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Car of the Month Selection



Car of the Month - December 2009
Rolls-Royce Phantom, 2004, #UX00601


Parallel to concentrating on the launch of their new model Rolls-Royce Phantom the company’s staff at the Goodwook headquarters developed ideas on a program to facilitate future sales of second-hand motor cars. Obviously there would be over the years an increasing number of pre-owned cars and it was essential to prepare an appropriate marketing-instrument for such. The Rolls-Royce Provenance Protection Plan was the result – a program to provide on pre-owned purchases a perfectly reliable motor car..

A fundamental idea had been that in the past the magic of the name had rooted in the cars' legendary longevity and reliability – such nimbus had been a significant advantage. New legislation had to be taken into consideration, too – for example stringent regulations in the countries of the EC did no longer permit to exclude warranty on sales of used cars, especially on cars that previously had been company-owned.

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Rolls-Royce invested painstaking care into collecting as much data as possible; listed all service- and repair-work carried out at workshops from their authorized dealers' network in detail und did verify the mileage of each car, too. Any issue detected during a rigorous inspection and road-test was rectified; as regards brakes’ pads or discs and tyres it was obligatory to change such much earlier than when these were nearing any 'limit'. If a service was due within the next 4,000 miles (ca. 6,500 kilometres) that was completed as part of pre-delivery preparation. The assistance of independent organizations was sought for checks to be carried out to make sure there was neither a note on a car it had been stolen or written off as a total loss by an insurance company. In certain markets an additional step was to guarantee the car wasn’t subject to any outstanding financial agreement.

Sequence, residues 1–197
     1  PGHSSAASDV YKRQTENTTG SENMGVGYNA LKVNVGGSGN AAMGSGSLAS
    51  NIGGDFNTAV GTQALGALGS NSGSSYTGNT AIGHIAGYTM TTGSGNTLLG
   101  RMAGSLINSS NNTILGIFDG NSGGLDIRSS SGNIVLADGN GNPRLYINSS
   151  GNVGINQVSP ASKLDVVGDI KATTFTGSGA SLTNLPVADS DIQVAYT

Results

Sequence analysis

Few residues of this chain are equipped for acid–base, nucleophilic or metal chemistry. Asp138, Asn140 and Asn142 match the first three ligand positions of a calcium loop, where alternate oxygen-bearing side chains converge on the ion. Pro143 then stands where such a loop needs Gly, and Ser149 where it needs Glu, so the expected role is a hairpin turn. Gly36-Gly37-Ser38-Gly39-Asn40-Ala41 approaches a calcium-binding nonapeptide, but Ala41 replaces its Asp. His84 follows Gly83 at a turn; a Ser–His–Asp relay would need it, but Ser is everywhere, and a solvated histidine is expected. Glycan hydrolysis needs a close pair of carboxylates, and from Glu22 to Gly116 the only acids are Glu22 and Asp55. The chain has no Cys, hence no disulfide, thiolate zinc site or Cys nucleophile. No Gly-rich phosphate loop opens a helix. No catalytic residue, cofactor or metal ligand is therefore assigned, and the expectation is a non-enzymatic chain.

A 24 hours a day hotline had been installed for priority assistance just in case a car might fail to proceed or perhaps become involved in an accident. The comprehensive Provenance Warranty stated the only contingencies not included were those "on which the manufacturer had not control", e.g. damage to the windshield, tyres, paint and trim or a necessity for battery replacement.

Inevitably there had to be a compromise on data protection – as obviously there was access to all details what and where and when and at which cost had been done (however data protection had eroded considerably anyway). The prospective purchaser of a pre-owned vehicle might have gained additional peace of mind from the Provenance Warranty of up to 24 months because even the amount due for a second-hand Rolls-Royce Phantom was a considerable investment.

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